By Jill Brooke
Candice Olson is a modern-day glam girl. As a designer, her soft color-palette provides calm while her mastery of mixing patterns creates excitement. She truly is a master of her craft.
As a bonus, her wallpaper, fabric and furniture designs have prices that don’t feel like a kick in the gut. That was her choice when this Canadian born designer started her firm in 1994. “She always cared more about the consumer than being in the top magazines,” says Deborah McKinnahan, her director of product development.
Top designers who grace the covers of major shelter magazines charge their clients fortunes for their expertise. Many of these designers also charge a percentage based on the fabrics and wallpapers they choose. Olson’s creations are every bit as spectacular as those by the top names, just not as expensive. The risk for Olson was that top designers might not use her creations because of their lower price point and thus she wouldn’t have the media exposure.
But she trusted her inner voice. Her mojo. Her talent.
Lucky us. I have three of her wallpapers in my New York City apartment and am grateful every day. The patterns are invigorating and yet soothing, an incredible feat. Even her look books soothe with names like Breathless, Journey, Tranquil, Modern Artisan and Dream On.
Olson is not only one of the top selling designers at York Wallcoverings and Kravet, but also a TV personality. Her series “Divine Design” was launched on Canada’s W Network in 2001 and later found a following of 90 million homes when it moved to HGTV. Her current show is “Candice Tells All.” She has also written two books, including “Candice Olson: Kitchens & Bathrooms.”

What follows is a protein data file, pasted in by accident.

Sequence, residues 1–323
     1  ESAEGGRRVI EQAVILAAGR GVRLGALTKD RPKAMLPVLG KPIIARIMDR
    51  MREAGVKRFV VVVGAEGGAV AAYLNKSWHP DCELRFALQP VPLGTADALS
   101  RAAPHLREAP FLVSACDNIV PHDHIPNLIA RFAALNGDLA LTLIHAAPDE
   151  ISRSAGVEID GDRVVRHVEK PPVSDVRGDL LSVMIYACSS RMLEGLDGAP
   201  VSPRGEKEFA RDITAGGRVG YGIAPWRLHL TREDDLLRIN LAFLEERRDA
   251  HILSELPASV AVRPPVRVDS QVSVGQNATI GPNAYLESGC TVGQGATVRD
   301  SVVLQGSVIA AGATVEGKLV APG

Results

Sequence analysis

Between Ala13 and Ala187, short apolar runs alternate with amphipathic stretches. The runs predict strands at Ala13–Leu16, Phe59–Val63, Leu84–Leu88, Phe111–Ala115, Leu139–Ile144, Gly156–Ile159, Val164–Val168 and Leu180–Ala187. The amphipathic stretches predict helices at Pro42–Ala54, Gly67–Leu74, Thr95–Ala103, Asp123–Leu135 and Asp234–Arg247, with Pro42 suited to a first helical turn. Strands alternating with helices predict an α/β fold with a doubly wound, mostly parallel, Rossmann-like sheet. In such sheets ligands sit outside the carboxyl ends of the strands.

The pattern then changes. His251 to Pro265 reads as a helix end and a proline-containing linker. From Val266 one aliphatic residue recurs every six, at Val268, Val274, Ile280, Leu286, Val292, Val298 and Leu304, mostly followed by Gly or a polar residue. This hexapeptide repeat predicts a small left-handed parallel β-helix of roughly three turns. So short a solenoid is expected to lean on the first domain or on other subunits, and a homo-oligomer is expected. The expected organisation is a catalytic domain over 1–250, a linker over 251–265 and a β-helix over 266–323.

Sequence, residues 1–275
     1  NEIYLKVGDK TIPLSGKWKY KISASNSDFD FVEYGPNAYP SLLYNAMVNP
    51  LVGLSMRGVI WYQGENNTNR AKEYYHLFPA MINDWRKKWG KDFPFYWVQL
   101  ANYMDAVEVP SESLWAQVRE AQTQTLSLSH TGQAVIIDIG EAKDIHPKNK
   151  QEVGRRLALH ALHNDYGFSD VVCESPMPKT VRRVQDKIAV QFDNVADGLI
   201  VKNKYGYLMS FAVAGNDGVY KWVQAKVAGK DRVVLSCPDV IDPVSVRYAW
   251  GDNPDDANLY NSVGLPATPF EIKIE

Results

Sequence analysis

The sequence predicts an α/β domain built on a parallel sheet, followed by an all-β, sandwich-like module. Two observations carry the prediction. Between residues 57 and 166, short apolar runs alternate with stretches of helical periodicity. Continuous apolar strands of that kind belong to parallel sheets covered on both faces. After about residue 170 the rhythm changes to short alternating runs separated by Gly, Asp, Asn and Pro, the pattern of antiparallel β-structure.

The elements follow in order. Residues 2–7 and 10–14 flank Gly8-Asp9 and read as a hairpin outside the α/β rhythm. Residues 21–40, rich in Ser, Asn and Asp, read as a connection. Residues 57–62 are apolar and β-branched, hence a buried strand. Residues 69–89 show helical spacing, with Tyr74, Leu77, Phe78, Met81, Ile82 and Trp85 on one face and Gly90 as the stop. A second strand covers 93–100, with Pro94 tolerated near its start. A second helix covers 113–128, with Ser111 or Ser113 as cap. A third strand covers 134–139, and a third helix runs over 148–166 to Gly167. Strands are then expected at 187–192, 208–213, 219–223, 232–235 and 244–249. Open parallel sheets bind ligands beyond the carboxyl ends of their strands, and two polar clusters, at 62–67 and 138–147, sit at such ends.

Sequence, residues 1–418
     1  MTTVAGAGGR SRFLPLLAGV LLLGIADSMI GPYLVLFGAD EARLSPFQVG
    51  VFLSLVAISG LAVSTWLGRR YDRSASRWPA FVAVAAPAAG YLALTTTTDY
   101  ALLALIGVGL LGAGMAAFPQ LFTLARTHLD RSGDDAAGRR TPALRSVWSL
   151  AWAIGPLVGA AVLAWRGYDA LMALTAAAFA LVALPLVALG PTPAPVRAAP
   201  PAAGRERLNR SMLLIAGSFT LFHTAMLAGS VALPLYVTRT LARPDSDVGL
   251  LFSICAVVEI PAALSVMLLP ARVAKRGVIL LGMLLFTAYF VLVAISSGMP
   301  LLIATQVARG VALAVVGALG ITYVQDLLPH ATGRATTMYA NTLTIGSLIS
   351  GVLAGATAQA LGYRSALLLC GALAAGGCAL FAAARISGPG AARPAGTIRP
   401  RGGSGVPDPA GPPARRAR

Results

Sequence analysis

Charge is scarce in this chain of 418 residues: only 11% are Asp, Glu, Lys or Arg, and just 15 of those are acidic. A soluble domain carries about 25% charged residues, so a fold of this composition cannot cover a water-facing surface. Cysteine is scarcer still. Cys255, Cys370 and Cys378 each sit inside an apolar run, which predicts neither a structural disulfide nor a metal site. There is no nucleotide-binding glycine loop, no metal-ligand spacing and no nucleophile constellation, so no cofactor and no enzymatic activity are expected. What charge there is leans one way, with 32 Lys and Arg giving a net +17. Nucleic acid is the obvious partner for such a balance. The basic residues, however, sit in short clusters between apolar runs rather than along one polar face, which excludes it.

What I like is that she uses traditional motifs and updates them. “Shapes become edited and pared down to their bare essence,” she says. “The final product holds the soul of the past but has been modernized.”
She is also a believer in the power of “quiet contrasts.”
“In my work it is the contrast of color, materials or surface details that provide the modern edge that my clients love,” she says. “Lighting and light reflection support the contrast. I love the way light hits a surface, so regardless of the product, I incorporate metallic materials for reflection.”
Design is in the details. “Designing those details is the best part of what I do.”
Of course, talent is also intuitive. Those metallic flourishes bring light into her designs which, in my bedroom, pushes forth her Jackson Pollock-like interpretations of flowers as though they are lilting waterfalls from heaven.
Olson says her York Wallcoverings Tranquil, inspired by nature, are collected from her travels but abstracted and softened with iridescent surfaces and amorphous shapes. They feel more like art than design.
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